On the night at issue, three bikers including Rhino and a man known as"Backdraft" had pushed past Petey, the doorman, and had entered the Pub Zone wearing their colors. Plaintiff knew Rhino and Backdraft as patrons of a bar called the Homestead that he also frequented. However, he did not know of their gang affiliation and had never seen them wearing colors. Plaintiff testified that he recognized Pagans as part of a"drifter, criminal element," he was"concerned" by their entry, and he stated to Petey that he didn't think their presence was a"great idea." However, after a discussion with plaintiff and Petey, Kerkoulas permitted the three to remain for one drink. It was Kerkoulas' position at trial that plaintiff had been the one to urge that the Pagans be admitted, and that she had relied on plaintiff's assessment in permitting them to remain. She testified that she would have called the police immediately if plaintiff had not vouched for the three bikers.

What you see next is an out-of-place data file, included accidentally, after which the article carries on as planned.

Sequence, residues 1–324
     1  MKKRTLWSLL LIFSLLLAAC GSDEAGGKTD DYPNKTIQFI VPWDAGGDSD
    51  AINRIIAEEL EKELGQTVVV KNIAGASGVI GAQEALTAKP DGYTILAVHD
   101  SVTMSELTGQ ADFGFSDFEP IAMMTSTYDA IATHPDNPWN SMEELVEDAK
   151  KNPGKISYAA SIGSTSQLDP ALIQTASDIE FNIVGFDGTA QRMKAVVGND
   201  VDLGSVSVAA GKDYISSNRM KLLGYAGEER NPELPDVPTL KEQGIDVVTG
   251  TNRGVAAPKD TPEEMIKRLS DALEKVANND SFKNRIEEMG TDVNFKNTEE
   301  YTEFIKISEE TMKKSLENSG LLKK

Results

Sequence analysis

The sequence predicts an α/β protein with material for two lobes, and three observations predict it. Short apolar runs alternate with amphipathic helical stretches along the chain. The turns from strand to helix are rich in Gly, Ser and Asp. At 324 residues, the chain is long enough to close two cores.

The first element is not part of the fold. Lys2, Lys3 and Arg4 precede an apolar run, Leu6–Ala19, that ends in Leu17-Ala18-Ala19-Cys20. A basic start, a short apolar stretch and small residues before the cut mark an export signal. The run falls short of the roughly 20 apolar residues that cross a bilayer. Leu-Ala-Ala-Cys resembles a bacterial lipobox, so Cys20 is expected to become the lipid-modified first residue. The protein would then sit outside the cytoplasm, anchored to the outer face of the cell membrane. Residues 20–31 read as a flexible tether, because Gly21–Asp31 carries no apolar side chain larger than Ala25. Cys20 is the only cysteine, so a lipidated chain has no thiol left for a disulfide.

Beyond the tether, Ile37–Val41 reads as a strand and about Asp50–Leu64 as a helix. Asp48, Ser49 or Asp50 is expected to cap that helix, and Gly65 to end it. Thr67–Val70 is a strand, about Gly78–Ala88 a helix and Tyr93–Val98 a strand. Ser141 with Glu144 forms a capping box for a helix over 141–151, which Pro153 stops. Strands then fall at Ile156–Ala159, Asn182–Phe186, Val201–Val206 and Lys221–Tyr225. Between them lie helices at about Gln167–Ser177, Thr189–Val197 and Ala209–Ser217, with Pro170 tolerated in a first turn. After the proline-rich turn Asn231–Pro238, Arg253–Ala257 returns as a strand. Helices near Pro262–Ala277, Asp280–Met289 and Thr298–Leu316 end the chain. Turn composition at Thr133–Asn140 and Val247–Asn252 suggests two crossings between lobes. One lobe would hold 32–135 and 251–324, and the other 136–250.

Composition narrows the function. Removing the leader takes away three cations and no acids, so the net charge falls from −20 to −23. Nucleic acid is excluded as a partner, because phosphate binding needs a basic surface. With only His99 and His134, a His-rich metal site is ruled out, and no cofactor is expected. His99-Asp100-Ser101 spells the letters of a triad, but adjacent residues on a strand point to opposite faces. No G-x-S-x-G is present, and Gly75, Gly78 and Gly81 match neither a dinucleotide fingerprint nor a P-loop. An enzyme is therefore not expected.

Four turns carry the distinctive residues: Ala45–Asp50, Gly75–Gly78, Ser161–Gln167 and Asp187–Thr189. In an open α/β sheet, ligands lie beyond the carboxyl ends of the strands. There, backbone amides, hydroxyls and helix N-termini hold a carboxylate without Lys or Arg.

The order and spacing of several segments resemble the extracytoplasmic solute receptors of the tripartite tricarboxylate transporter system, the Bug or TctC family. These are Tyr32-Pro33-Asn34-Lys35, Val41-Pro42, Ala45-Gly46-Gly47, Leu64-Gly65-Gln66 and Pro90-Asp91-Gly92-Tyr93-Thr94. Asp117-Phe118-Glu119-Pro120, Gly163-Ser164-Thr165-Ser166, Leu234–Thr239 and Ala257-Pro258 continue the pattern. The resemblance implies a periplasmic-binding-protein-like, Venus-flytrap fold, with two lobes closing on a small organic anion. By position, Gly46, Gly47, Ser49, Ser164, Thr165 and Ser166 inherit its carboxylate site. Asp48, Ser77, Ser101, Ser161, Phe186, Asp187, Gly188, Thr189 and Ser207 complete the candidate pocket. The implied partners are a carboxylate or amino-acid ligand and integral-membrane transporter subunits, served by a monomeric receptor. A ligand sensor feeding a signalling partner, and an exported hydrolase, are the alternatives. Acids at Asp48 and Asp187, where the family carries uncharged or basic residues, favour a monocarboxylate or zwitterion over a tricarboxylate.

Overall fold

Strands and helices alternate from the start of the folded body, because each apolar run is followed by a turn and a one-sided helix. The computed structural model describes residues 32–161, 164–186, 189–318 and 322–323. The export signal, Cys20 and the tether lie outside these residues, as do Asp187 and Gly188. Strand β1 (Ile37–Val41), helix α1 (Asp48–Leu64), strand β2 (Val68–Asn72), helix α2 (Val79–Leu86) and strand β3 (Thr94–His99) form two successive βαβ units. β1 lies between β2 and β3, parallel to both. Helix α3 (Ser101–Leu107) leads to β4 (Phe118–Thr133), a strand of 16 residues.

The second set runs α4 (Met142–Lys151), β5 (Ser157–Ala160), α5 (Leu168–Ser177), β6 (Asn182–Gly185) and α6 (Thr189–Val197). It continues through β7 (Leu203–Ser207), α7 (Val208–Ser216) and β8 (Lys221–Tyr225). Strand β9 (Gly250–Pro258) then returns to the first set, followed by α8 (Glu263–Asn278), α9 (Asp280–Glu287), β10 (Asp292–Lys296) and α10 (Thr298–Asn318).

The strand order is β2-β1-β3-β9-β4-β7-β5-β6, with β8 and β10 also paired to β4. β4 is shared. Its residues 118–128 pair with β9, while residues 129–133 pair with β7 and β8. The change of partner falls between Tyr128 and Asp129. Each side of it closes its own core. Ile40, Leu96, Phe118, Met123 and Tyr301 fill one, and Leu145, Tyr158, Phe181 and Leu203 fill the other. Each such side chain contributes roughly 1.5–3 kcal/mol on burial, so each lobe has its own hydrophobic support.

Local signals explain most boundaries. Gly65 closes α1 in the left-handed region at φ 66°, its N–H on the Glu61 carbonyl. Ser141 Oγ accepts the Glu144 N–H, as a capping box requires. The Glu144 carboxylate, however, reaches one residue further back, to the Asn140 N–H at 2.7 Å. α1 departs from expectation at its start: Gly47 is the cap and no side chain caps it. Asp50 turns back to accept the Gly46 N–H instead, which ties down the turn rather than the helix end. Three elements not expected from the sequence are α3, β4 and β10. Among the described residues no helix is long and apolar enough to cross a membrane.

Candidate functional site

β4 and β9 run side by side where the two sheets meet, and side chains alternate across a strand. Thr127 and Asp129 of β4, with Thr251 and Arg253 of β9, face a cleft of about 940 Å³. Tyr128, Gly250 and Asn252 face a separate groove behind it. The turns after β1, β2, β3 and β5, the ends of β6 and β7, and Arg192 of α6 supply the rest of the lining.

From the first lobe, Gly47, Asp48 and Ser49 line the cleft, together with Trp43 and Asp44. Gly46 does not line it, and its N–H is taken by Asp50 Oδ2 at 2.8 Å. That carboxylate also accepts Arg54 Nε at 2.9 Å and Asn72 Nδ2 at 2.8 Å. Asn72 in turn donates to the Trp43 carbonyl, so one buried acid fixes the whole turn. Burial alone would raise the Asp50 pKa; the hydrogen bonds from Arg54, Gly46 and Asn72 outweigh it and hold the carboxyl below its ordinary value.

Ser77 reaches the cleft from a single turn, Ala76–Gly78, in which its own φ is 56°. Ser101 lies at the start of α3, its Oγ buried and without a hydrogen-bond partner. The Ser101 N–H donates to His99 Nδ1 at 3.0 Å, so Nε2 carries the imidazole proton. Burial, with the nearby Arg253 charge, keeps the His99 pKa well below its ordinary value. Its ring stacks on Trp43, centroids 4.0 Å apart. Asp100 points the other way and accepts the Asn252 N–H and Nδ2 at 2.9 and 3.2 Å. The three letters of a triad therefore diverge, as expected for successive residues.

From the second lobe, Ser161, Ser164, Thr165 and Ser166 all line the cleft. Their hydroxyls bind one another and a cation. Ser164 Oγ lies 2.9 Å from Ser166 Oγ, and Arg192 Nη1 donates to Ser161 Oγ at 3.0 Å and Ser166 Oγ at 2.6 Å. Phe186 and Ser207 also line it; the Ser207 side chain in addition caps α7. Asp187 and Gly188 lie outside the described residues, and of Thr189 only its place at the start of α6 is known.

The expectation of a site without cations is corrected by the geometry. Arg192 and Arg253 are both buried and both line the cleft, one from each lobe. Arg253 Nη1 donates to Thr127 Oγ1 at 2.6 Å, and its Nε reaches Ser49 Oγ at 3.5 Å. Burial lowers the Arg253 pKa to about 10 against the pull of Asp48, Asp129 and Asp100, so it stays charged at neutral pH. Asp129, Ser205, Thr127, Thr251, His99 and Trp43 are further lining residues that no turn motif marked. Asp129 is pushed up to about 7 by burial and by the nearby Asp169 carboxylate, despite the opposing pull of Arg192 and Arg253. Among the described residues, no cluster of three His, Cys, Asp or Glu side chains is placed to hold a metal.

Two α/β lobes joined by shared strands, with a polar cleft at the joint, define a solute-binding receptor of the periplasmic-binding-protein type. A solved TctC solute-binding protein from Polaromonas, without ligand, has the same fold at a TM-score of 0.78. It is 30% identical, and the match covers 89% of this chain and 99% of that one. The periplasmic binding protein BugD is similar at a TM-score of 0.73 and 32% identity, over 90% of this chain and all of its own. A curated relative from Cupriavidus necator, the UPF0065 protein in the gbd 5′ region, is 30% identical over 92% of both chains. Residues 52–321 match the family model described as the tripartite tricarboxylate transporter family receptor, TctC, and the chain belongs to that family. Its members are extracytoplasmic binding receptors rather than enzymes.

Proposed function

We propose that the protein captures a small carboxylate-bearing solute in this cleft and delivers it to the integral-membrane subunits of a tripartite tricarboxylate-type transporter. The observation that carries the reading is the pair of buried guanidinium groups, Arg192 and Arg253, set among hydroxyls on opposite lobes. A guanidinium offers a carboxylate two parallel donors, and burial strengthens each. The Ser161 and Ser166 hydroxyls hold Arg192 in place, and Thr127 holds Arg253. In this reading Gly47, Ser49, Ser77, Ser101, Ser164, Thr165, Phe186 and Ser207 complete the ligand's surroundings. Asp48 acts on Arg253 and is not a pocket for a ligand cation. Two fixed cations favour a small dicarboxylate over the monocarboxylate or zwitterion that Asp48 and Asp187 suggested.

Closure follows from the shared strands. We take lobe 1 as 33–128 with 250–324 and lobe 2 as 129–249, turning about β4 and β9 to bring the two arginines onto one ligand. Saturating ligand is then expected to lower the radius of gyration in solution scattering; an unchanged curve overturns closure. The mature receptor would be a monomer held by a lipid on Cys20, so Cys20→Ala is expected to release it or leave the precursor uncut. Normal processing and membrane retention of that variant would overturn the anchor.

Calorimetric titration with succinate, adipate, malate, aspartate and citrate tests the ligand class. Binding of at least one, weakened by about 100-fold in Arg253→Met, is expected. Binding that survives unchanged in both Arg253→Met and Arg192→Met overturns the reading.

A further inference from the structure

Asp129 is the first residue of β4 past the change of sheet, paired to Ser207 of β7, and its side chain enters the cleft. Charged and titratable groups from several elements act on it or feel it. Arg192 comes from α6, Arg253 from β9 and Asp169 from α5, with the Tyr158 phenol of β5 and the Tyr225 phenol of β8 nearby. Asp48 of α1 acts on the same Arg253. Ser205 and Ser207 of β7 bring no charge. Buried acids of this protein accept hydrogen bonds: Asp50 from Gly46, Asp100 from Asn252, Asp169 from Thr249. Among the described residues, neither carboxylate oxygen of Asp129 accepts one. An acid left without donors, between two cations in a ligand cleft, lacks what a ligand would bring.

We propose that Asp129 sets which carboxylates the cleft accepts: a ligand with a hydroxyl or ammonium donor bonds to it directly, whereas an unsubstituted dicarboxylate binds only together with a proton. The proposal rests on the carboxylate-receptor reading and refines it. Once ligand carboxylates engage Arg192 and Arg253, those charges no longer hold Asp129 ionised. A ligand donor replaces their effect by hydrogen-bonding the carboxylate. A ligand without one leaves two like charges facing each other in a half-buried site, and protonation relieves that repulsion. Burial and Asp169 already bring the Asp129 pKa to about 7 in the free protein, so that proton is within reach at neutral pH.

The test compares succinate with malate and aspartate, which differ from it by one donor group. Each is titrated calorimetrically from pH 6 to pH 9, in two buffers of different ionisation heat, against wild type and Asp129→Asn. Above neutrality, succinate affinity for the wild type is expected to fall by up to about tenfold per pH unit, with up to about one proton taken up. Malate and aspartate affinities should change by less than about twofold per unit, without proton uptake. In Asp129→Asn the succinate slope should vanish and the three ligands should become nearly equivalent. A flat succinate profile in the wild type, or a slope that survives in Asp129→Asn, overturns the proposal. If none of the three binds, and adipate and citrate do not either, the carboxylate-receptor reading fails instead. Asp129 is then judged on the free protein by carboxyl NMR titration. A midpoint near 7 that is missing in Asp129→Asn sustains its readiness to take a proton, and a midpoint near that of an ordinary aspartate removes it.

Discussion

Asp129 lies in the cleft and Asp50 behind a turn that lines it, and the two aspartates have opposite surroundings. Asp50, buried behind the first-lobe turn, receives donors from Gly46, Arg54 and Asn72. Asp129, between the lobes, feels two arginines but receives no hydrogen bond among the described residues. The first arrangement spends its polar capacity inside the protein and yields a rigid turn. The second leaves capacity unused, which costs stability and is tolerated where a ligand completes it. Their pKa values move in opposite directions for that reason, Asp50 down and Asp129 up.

All agreed that the Pagans consumed one drink without incident and proceeded toward the stairs leading toward the downstairs bar and men's room and toward the exit. Kerkoulas assumed the three were leaving, but did not witness them doing so. In fact, they did not. Instead, they either entered the men's room with plaintiff or followed him there, and shortly thereafter, they viciously attacked him. Plaintiff has no recollection of the attack and no explanation of its motive, unless, he speculates, it was a reaction to plaintiff's attempt to bar them from entering the establishment.